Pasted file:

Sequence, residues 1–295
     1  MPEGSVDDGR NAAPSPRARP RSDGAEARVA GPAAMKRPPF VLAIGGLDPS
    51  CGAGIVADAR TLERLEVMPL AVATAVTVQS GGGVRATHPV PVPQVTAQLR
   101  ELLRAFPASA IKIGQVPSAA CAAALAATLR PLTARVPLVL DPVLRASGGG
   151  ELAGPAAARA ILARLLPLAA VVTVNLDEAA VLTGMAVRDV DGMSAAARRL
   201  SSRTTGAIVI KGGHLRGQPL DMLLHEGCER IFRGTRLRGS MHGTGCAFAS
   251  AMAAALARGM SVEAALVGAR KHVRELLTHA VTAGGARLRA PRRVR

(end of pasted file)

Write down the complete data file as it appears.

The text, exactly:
Sequence, residues 1–295
     1  MPEGSVDDGR NAAPSPRARP RSDGAEARVA GPAAMKRPPF VLAIGGLDPS
    51  CGAGIVADAR TLERLEVMPL AVATAVTVQS GGGVRATHPV PVPQVTAQLR
   101  ELLRAFPASA IKIGQVPSAA CAAALAATLR PLTARVPLVL DPVLRASGGG
   151  ELAGPAAARA ILARLLPLAA VVTVNLDEAA VLTGMAVRDV DGMSAAARRL
   201  SSRTTGAIVI KGGHLRGQPL DMLLHEGCER IFRGTRLRGS MHGTGCAFAS
   251  AMAAALARGM SVEAALVGAR KHVRELLTHA VTAGGARLRA PRRVR